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The grid was used to create teletext-like graphics for each channel and text alignment.

Technologies

It was obvious that to make everything happen the same tools used in the Google project should be implemented: Websocket that connects one’s phone and a browser (desktop/laptop/tablet) and lets a user send commands to the site that are processed immediately delivering real-time feedback. But before that came to life it was important to decide how the connection was going to be established on the user end. I wanted the user to minimize the number of actions needed for that (no keyboard inputs or clicking any links). So to make sure that the smartphone and browser were connected to the same instance, all the user had to do was to scan a randomly generated QR-code (with the help of qrcode.js a cross-browser QRCode generator for JavaScript) with their smartphone camera, or - in case there were no QR scanner - enter 4-digit code on one's smartphone.

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Establish a connection between two devices by entering a unique code, or scanning a randomly generated QR-code.
After everything was done correctly a remote controller appeared on a smartphone and a TV set - in a browser, the Websocket technology allowed the site to work cross browsers.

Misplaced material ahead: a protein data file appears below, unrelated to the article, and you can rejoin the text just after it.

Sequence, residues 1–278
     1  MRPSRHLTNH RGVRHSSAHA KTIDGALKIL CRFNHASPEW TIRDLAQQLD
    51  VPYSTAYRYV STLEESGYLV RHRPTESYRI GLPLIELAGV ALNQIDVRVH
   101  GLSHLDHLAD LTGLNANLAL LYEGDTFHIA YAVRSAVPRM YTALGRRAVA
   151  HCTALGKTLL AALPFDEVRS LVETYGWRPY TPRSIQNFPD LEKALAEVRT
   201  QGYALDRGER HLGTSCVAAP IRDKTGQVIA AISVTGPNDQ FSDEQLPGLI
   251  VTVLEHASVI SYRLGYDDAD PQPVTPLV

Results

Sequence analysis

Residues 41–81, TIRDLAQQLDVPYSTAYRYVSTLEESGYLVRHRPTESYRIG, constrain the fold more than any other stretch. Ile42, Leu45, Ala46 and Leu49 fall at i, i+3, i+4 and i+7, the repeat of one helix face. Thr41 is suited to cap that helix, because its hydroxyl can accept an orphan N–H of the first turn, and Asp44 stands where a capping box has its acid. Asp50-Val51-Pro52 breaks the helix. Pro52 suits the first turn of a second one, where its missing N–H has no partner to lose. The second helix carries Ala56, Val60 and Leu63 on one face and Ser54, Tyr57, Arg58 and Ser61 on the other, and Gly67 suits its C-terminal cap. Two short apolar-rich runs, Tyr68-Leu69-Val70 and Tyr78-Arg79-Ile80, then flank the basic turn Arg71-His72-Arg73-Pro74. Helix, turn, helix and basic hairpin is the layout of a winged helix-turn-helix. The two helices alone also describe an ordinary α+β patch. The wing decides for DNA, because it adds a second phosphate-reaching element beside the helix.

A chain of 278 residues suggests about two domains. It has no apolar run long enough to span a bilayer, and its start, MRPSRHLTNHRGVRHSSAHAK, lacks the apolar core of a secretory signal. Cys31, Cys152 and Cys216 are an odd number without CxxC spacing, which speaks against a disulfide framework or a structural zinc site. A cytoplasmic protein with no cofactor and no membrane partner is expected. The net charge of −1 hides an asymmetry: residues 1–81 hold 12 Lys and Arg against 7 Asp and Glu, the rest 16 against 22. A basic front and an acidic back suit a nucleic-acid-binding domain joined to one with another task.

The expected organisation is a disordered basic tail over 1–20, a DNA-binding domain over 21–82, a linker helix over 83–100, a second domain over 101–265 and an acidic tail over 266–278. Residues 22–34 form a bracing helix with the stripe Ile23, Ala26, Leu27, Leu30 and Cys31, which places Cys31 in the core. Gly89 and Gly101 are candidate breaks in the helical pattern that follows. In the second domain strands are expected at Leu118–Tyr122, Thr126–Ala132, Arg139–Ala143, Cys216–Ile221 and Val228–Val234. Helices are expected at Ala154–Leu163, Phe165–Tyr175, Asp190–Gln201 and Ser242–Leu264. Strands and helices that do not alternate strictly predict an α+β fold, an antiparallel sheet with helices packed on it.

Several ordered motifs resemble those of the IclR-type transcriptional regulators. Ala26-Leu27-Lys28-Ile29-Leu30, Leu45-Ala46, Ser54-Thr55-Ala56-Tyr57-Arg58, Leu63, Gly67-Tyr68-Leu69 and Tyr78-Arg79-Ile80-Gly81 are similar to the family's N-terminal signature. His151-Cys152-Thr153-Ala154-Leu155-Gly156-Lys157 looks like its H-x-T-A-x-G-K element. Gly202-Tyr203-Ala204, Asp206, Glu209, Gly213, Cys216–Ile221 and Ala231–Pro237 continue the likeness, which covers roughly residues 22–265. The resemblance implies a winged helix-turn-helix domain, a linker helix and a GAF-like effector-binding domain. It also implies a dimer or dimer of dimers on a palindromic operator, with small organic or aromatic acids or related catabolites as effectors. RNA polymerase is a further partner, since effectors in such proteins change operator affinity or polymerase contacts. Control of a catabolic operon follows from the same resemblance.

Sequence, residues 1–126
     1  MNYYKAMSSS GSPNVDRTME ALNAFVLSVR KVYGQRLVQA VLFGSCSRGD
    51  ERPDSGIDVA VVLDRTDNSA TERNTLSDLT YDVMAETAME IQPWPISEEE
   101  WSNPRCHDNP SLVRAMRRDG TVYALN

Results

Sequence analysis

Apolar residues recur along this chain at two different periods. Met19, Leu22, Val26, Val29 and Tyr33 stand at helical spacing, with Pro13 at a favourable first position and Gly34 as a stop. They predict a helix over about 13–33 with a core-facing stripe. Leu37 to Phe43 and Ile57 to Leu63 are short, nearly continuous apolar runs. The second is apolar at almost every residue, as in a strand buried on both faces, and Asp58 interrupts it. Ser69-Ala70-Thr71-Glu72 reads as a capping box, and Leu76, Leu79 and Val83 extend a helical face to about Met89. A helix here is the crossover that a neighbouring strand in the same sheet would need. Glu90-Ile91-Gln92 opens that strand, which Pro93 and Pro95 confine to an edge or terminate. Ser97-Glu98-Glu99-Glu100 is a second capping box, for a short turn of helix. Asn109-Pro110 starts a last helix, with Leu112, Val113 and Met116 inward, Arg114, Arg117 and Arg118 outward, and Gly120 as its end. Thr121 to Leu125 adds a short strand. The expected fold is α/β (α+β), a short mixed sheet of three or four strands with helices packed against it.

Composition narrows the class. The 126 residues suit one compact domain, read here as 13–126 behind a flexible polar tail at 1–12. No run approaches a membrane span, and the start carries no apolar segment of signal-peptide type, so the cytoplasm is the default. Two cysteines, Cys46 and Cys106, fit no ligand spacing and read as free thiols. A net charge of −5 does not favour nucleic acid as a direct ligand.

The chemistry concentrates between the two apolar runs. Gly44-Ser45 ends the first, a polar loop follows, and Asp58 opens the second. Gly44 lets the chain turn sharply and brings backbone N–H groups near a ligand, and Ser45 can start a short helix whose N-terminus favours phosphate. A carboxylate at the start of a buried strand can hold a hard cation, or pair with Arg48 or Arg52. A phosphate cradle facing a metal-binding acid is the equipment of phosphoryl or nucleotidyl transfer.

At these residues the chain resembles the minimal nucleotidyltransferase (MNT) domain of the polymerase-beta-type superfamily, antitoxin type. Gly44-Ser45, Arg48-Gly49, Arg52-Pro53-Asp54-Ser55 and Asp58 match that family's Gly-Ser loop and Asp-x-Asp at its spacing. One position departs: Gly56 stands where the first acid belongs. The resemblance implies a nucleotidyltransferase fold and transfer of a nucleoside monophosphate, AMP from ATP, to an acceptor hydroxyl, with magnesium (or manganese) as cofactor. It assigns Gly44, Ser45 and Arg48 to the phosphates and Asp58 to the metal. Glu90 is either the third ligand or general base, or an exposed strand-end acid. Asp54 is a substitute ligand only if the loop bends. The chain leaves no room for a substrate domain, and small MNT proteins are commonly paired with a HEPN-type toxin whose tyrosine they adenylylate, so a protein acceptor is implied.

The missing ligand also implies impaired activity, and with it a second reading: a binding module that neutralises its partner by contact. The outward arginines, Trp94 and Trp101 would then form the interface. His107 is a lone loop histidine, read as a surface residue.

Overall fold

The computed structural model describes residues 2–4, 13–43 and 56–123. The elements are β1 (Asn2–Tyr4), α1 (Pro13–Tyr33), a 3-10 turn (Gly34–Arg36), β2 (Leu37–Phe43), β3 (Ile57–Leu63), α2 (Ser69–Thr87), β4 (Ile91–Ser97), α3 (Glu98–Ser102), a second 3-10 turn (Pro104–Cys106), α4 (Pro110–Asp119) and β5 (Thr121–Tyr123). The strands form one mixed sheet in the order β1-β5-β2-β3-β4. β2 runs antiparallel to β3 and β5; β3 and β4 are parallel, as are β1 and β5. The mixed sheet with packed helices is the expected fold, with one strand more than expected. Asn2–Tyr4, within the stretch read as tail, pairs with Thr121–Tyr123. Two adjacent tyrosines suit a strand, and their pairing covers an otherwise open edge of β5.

After everything was done correctly a remote controller appeared on a smartphone and a TV set - in a browser. The Websocket technology allowed the site to work cross browsers, users didn’t even have to use the same network on a smartphone and a desktop. The only downside of the whole concept was that browsers didn’t allow auto-play content with sound, and because users didn’t interact with the site by traditional means, they couldn’t start watching “the TV” right after the connection between devices was established: a video wouldn’t simply play. The users had to click at least once to make it work. So a simple tutorial was added once the site was loaded explaining the need of a smartphone to control the site. After that everything worked like a charm.

Result

Although the experience with the site is somewhat slow paced, it engages a patient viewer to explore every nook and cranny of the site in a playful nostalgic manner.

Trivia

  • To make sure that the orientation of a device is a proper one, the site (both mobile and tablet) warns the user in case a smartphone is in a landscape mode and a tablet – in portrait
  • If the code was entered with an error, a remote searching process will begin asking the user to try again in the end.
  • Every time the TV appears it will show a random channel playing from a random point in time. The same happens when the user changes channel, a video won’t always play from the beginning, just like in real life - channels don't wait for a viewer. In case of the site a user has the ability to rewind right to the beginning of a video.
  • If the user changes channels in a specific order, a game will be booted. There are few hints how to achieve this, one – in plain sight.
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The site warns the user in case of wrong orientation of a device

Company Info

Anton Chalov is a Senior Art Director at BBDO Group in Moscow, you can reach him via e-mail seen@chalovak.tv or via facebook, instagram and LinkedIn: search for "chalovak".